"You will not engage in any negative comments or be a part of any negative staff conversations or meetings. Document how you refrain from creating a negative spin on issues, and align your comments to reflect and support the decision of the executive team."

In the midst of Mo's crackdown on dissent, Johnson suggested forming a union for protection.

Teachers surreptitiously pitched the idea throughout their own ranks before and after work in hurried whispers. Three Hmong office assistants recruited the Hmong-speaking kitchen and custodial staff, who often complained of having to come in on the weekends to cook for big events without overtime, Johnson says.

Mo pushed back. She and her administrators isolated the teachers from their assistants, the custodians from the cooks, to deliver a sequence of anti-union speeches.

But the vote was held and the union was formed. And a week and a half following the elections, three Hmong union organizers — Mai Nhia, Joua Lor, and Youa Yang — were fired for "insubordination." Bong Xiong, the fourth-grade teacher, was terminated over winter break.

"The administration made an example of these guys," says Billie Yang. "When that happened, a lot of people felt that if they kept getting involved in this movement, they might not be returning in the fall."

VI. Not going down without a fight

In February 2014, CSE's authorizer, Concordia University, finished reviewing the findings of each investigation and wrote to the board that its decision to retain Mo was unacceptable.

"It should be obvious to the CSE's Board that [Mo's] performance and misconduct warrants dismissal," the letter read. "A change in leadership is imperative."

Concordia gave CSE 21 days to come up with a plan for removing Mo from her position and establishing effective leadership for the school. Otherwise, Concordia would cancel its contract with CSE.

Mo's supporters rallied in defense. Tou Ger Xiong, an educational consultant for CSE, disseminated a petition claiming that Concordia wanted to both fire Mo and shutter their community school. At parent-teacher organization meetings, Mo and Xiong blamed CSE's tainted reputation on white teachers who did not care to learn Hmong culture.

The March 2014 board meeting was held in CSE's big gym and stacked with parents who were ushered in by the busloads. Mo pulled 300 students out of the after-school program to sit in the bleachers for two hours while parents demanded an explanation from Concordia representatives.

In the midst of mounting community outrage, the young Hmong teachers of CSE felt that their voices had no place.

"Since Mo was able to build and open CSE, she's able to be seen as a leader in the community," Mee Yang explains. "That's why it's been so hard for us to speak up against her. Because we're raised to respect our elders, we're afraid to say bad things about someone who is seen as a 'Hmong leader.'"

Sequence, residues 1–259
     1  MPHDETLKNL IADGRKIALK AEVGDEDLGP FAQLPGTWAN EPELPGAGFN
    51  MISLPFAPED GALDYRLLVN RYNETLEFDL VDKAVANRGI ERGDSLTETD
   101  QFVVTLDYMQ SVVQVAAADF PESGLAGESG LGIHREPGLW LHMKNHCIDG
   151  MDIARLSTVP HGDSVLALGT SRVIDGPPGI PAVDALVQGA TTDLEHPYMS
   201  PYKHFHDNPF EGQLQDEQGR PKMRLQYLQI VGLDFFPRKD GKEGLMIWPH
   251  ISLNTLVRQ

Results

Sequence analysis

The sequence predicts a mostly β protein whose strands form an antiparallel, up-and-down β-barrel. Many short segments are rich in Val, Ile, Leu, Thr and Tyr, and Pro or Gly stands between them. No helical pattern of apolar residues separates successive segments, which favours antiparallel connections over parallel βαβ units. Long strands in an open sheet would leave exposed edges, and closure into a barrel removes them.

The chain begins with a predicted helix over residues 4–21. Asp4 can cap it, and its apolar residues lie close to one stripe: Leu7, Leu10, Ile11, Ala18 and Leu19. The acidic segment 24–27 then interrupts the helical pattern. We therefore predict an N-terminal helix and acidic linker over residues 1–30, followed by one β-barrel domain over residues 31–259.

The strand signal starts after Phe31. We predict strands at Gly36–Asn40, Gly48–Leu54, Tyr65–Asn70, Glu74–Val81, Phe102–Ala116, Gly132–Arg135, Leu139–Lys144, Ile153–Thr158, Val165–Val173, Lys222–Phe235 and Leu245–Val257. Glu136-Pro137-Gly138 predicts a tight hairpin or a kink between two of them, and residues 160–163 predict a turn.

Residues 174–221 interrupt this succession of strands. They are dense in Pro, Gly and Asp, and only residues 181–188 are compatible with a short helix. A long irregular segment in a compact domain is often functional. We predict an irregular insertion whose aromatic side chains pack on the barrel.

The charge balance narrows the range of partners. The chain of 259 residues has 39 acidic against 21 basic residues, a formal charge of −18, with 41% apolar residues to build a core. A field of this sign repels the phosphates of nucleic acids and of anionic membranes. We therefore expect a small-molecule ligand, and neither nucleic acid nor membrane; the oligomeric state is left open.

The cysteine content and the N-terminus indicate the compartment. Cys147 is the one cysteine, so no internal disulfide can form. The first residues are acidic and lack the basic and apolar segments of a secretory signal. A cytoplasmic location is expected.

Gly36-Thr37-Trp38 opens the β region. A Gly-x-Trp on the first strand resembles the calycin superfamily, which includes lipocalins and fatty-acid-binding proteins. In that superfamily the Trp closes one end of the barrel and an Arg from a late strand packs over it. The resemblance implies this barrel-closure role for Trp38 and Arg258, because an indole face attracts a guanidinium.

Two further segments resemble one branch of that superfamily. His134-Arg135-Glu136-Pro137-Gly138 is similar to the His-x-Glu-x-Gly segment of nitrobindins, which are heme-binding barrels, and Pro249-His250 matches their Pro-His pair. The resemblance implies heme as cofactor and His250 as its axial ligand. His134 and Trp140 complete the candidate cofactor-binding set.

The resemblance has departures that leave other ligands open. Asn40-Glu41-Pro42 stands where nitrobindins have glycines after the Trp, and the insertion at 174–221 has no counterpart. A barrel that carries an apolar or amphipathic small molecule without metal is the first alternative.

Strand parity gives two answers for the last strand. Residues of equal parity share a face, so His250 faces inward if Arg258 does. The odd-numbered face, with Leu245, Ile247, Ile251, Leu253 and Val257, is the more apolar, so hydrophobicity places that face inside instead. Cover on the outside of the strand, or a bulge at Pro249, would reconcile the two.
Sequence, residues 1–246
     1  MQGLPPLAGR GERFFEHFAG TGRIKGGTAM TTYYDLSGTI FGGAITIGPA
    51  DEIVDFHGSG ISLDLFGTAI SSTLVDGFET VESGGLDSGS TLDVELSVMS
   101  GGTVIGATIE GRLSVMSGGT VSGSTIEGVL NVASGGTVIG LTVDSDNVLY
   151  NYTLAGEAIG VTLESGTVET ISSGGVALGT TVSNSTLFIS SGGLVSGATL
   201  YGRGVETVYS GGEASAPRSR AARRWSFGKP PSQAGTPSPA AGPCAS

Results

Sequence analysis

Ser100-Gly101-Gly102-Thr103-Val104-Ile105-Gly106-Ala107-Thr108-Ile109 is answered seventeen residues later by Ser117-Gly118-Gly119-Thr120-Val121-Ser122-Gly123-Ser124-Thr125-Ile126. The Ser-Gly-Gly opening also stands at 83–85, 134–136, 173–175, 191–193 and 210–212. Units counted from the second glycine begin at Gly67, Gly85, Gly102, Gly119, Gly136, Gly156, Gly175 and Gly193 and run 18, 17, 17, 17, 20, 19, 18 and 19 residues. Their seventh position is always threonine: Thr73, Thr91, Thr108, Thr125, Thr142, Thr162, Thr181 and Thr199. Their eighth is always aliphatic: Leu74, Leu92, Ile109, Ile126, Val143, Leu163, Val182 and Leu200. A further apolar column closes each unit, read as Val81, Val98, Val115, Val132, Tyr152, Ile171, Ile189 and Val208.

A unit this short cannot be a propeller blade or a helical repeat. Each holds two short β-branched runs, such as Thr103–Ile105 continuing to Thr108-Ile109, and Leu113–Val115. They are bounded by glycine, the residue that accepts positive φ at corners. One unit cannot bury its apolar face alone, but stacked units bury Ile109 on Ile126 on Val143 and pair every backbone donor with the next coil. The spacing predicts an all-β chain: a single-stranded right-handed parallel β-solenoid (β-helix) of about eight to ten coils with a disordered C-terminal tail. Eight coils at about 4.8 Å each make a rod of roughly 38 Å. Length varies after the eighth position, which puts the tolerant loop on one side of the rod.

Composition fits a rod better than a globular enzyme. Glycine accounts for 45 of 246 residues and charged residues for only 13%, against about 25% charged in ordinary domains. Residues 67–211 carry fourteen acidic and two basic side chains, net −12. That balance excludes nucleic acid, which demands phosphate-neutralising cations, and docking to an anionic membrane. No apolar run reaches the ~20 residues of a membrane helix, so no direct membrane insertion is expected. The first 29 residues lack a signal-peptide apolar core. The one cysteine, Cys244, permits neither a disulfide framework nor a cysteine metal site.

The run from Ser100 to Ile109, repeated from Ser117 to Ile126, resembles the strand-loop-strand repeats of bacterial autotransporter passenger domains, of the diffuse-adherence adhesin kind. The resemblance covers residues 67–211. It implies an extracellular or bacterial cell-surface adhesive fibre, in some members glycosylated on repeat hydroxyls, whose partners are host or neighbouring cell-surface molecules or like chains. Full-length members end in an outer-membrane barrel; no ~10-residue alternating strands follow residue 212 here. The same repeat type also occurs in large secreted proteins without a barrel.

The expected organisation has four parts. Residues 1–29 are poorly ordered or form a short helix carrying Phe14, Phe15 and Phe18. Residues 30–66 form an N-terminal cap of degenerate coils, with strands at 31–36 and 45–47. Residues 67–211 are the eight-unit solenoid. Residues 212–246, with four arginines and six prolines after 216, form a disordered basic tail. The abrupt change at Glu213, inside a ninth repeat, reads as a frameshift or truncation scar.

In February 2015, Johnson filed an unfair labor practices complaint with the National Labor Relations Board, which eventually ruled that union organizers whom Mo had fired for "insubordination" were in fact victims of retaliation. CSE had to pay ex-employees $40,000 in lost wages and was forced to repent, in three languages, for punishing union activity.

In total, CSE had racked up $300,000 in legal fees.

Still, the board of directors did not dismiss Mo.

Concordia wrote CSE in September 2014 to sever ties with the school. It also elected to abandon sponsorship of the seven other charter schools under its care.

Suddenly, CSE was in actual danger of dissolving if it failed to find another authorizer by June 2016.

As the deadline loomed, Minnesota Guild, a new charter-authorizing body, showed interest. But they had received Concordia's previous letters of lost confidence. They had seen the reports describing Mo's mismanagement and watched as the board wallowed in inaction.

Brad Blue, director of Minnesota Guild, says he doesn't get to make governance decisions for schools, but he did nudge the board to make a choice.

The idea took root: In order for CSE to survive, Mo had to abdicate.

Still, as far as the general Hmong community was concerned, Mo was CSE, and CSE was Mo. William Song, PTO president, feared that a sudden ousting would shatter the fragile school.

"Yes, I think Mo should step aside for the sake of the school, and for the sake of the families, but if we were just pushing her out, the school would fall apart," he warned.

It's a painful lesson in the history of the Hmong people. After General Vang Pao was exiled from Laos and the CIA retreated from Southeast Asia, the Hmong people left behind were exposed to torture and imprisonment at the hands of a vengeful communist majority.

"When the system kicks out our leader, the country falls apart," Song said. "It's very hard for us to build the community together again. We are still hurting from the war. We are still feeling betrayed."

Meanwhile, Johnson watched with mounting frustration as the evidence of Mo's misconduct piled up in the public record with little actual change at CSE to show for it. In April 2015, he took a risk that would eventually lead to his termination.

Posters appeared in the hall one day: A child with hearing loss could not find a $1,000 teacher microphone that helped him listen in class.

Johnson and other teachers questioned their own students. One third-grade boy said he'd seen the hearing aid among his fourth-grade sister's things at home.

Johnson told administrators of the boy's confession, hoping they would confront his sister.